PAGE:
I recently got a new phone—a phone that can actually do stuff, and one that prompted my wife to say, “Welcome to the 20th Century.”
I countered: “But we’re in the—”
“I know,” she said.
This is my first-ever personal phone, and I sort of didn’t know what to do with it at first. An office Secret Santa, however, had given me an iTunes gift card, so I bought a couple of songs and then remembered an app I’d read about last year.
It’s called Zombies, Run!, and it basically plays a story for you to listen to while you run in real life. It’s sort of a game in that you “pick up” items as you go along—including medical supplies, water, and, honestly, underwear—some of which you can then use to improve a virtual outpost full of post-zombie-apocalypse survivors, but the main draw is this: While you’re running, earbuds firmly in place, a voice gives you directions and reports on nearby groups of “zoms” with a hankering for your hamstrings.
I initially thought that the game was a bit more interactive, but the missions seem to be set audio tracks. Which is fine by me. My typical physical activity consists of walking up the stairs to go to bed, and this download actually motivated me to get out of the house and do several laps around our condo complex.
I was prepared to be a bit freaked out, but the initial mission was fairly tame. At first. I chose to run at night, thinking the darkness might heighten the suspense. Also, that’s the only free time I can generally carve out of my day.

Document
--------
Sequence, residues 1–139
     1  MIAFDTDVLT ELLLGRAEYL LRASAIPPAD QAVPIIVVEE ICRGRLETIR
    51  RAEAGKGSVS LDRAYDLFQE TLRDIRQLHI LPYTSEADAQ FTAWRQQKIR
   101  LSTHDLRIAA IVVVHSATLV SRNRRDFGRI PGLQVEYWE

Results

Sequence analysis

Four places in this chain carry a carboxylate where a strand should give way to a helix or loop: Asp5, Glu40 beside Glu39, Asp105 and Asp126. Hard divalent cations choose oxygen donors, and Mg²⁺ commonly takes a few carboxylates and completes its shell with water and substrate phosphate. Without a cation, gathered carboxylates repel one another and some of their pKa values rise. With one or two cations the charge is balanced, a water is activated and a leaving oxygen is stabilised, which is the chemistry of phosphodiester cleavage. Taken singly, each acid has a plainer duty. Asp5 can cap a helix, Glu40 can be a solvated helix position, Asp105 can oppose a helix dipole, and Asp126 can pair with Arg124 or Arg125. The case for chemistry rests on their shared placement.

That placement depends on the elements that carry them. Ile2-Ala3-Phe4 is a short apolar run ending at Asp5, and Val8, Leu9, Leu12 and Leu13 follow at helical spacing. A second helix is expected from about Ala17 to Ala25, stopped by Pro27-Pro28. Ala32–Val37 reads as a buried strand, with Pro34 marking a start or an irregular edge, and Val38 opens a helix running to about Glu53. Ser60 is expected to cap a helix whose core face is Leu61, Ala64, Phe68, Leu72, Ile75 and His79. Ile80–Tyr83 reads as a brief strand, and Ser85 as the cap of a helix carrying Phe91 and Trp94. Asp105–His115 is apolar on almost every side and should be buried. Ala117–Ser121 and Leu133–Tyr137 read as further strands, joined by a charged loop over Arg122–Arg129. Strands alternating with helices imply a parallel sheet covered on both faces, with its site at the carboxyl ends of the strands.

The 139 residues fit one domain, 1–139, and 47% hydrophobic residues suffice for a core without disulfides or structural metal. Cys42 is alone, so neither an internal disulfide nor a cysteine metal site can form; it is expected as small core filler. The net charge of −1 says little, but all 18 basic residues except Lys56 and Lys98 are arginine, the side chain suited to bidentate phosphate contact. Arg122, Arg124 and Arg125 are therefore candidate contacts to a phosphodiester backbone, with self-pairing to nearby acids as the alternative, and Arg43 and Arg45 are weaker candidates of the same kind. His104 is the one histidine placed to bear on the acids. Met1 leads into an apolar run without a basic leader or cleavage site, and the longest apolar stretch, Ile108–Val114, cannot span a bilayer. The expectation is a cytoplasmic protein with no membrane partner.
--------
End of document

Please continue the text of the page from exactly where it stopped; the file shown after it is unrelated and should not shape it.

Once I got into the groove—both in running and in the game—it was easier to slip into the story. I tuned out my neighbors, waving from their garages as I jogged past, and focused on the narrative. Smoke coming from one condo’s chimney became the sight and smell of a downed helicopter. I didn’t know how to incorporate the one set of Christmas lights still mounted and lit, though.
Everything was going smoothly until a large pack of zombies caught wind of me and gave chase. One zombie in particular broke from the pack and zeroed in on me.
The voices in my ears grew urgent. “Don’t look behind you!” they shouted, “Just run! RUN!”
That worked. I resisted the urge to glance backward, even when I passed a streetlamp with dual lights on top, giving me a double shadow. Suddenly, as my eyes slid sideways, I could see silhouetted on the road another figure immediately behind me.
Imagination is a powerful thing, especially when it has audio help.
Since this is the first time I’ve run in, well, my 30s, I will admit that I paused the track to walk a bit before carrying on the run for my life. I imagine that the zombie took a breather, too, maybe put her decaying arms up over her head and shuffled along a little more slowly before picking up the pace again.
I’m a bit sore now from the rush, but I will be going out again soon.